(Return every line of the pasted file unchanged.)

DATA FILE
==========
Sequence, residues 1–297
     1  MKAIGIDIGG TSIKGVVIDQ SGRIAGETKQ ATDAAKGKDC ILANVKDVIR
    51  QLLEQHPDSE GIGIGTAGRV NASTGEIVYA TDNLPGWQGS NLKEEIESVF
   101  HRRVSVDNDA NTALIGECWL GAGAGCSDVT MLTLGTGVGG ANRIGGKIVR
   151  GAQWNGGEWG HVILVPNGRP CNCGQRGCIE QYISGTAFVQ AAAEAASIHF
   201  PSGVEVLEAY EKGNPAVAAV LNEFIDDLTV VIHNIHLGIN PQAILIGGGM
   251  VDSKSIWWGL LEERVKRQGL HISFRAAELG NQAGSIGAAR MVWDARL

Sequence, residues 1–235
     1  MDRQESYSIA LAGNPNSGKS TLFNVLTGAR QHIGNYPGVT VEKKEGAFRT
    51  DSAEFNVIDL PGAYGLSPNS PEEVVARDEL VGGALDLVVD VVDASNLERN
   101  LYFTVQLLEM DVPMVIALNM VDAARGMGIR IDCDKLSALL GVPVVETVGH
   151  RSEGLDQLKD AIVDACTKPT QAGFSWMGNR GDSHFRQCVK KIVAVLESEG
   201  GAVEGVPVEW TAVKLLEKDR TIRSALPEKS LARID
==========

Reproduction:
Sequence, residues 1–297
     1  MKAIGIDIGG TSIKGVVIDQ SGRIAGETKQ ATDAAKGKDC ILANVKDVIR
    51  QLLEQHPDSE GIGIGTAGRV NASTGEIVYA TDNLPGWQGS NLKEEIESVF
   101  HRRVSVDNDA NTALIGECWL GAGAGCSDVT MLTLGTGVGG ANRIGGKIVR
   151  GAQWNGGEWG HVILVPNGRP CNCGQRGCIE QYISGTAFVQ AAAEAASIHF
   201  PSGVEVLEAY EKGNPAVAAV LNEFIDDLTV VIHNIHLGIN PQAILIGGGM
   251  VDSKSIWWGL LEERVKRQGL HISFRAAELG NQAGSIGAAR MVWDARL

Sequence, residues 1–235
     1  MDRQESYSIA LAGNPNSGKS TLFNVLTGAR QHIGNYPGVT VEKKEGAFRT
    51  DSAEFNVIDL PGAYGLSPNS PEEVVARDEL VGGALDLVVD VVDASNLERN
   101  LYFTVQLLEM DVPMVIALNM VDAARGMGIR IDCDKLSALL GVPVVETVGH
   151  RSEGLDQLKD AIVDACTKPT QAGFSWMGNR GDSHFRQCVK KIVAVLESEG
   201  GAVEGVPVEW TAVKLLEKDR TIRSALPEKS LARID